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flooded houseIt only takes a few inches of water to do thousands of dollars in damage to your home. Floods occur in every state and only those "lucky" victims with flood insurance can be compensated for their loss. That's right. Your home insurance policy does not cover floods, contrary to popular belief. But, if you don't live close to a river or in a low-lying area that is prone to flooding, do you really need to buy a flood insurance policy?

If you have a mortgage and live in a designated Special Flood Hazard Area (SFHA), you are required to have flood insurance. Policies are issued through the National Flood Insurance Program (NFIP) and can be purchased from your independent insurance agent. Unlike auto or home insurance, you don't have to shop for price. Every insurance agent is obligated to charge the same price for the same coverage.

How Much Does It Cost?


Your premium will vary depending upon a number of different variables, including:
  • Amount of coverage you need or want
  • The deductible that you choose
  • The area in which you live
Under the NFIP, a residential dwelling can be insured up to a maximum amount of $250,000 and the contents can be insured up to $100,000. For commercial buildings the coverage for the structure and the contents is limited to $500,000. All other things being equal, your premium will be higher when you buy a greater amount of coverage. The most influential factor in determining the premium is where your property falls on the community's Flood Insurance Rate Map (FIRM).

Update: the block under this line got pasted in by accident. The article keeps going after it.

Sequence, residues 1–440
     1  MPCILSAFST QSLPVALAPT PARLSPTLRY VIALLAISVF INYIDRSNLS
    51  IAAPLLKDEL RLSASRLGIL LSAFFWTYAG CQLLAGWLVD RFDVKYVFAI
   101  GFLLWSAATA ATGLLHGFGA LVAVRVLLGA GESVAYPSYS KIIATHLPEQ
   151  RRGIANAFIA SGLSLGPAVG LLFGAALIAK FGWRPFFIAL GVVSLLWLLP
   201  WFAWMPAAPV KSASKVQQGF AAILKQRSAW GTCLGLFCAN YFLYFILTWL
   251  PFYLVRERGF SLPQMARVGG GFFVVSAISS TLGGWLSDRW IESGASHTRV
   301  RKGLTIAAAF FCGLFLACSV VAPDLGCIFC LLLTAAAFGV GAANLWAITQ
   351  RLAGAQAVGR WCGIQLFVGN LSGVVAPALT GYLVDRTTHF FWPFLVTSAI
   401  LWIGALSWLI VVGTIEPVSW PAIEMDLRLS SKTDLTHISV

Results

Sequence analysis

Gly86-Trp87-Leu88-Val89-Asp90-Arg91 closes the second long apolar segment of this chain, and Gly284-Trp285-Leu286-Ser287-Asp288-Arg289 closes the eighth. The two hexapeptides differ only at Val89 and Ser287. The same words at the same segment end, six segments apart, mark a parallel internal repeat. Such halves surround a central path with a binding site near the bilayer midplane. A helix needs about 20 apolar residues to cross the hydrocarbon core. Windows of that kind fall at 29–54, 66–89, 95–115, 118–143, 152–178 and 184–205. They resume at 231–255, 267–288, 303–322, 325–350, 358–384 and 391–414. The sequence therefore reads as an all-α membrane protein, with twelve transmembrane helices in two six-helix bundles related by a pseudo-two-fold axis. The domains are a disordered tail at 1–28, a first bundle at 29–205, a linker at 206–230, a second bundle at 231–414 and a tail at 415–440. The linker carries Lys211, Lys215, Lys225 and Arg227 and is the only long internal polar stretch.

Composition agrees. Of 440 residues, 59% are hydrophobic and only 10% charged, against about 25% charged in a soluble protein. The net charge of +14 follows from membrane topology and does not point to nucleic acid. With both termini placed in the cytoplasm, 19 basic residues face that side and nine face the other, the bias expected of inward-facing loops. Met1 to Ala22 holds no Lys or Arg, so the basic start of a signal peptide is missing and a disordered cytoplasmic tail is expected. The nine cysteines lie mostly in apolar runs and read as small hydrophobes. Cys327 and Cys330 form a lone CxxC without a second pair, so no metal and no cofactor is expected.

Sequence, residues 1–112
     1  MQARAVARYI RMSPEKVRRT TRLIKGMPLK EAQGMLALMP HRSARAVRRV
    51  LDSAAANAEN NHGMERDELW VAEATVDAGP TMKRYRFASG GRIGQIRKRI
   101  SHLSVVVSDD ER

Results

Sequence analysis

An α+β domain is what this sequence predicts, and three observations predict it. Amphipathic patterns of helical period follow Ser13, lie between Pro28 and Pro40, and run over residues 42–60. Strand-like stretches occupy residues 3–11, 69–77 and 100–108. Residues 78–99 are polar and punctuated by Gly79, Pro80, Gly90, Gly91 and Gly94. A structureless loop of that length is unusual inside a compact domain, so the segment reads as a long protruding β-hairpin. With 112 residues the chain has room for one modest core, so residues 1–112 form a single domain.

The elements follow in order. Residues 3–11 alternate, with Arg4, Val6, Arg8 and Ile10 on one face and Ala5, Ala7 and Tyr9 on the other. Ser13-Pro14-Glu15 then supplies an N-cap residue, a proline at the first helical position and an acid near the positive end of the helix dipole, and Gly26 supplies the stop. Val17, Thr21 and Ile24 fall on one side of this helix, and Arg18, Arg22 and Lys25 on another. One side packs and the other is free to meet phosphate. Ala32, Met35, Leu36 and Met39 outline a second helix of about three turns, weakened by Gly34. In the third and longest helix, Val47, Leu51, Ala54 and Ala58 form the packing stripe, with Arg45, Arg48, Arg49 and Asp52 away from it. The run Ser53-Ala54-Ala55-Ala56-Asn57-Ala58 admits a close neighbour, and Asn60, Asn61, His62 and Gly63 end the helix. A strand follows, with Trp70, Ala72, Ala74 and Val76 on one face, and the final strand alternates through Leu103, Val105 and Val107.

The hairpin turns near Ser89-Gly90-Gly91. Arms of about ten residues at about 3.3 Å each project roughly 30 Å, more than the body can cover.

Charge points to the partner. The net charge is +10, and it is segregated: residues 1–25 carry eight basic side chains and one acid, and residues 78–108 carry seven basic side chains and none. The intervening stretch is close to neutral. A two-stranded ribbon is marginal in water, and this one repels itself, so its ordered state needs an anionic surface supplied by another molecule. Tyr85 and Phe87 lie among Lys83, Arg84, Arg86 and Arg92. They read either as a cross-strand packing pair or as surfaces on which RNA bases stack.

You can lower your premium by choosing a higher deductible. Just remember that you are responsible for the cost of all damages until your loss exceeds the deductible.

What Is A Flood Insurance Rate Map?


Each county is divided up into communities, and each community has a map showing the areas that are most or least likely to flood. These areas are called flood zones and are given an alphabetical designation—such as B, C or X—that corresponds to the level of risk of flooding. If your home happens to fall in a high-risk flood zone, your premium will be higher than someone in a low-risk zone or someone outside of any designated flood zone.

A Few Final Points

  • Don't wait until the danger of flooding is imminent. When you buy a policy, it does not go into effect for 30 days.
  • Flood Insurance only covers damage from water intrusion from outside your home. A standard home insurance policy usually covers water damage due to leaky pipes and overflowing bath tubs.
  • Coverage for basements and areas below the lowest elevated floor is limited.
Are you covered? Call All About Insurance at (817) 589-0006 for more information on Dallas flood insurance.
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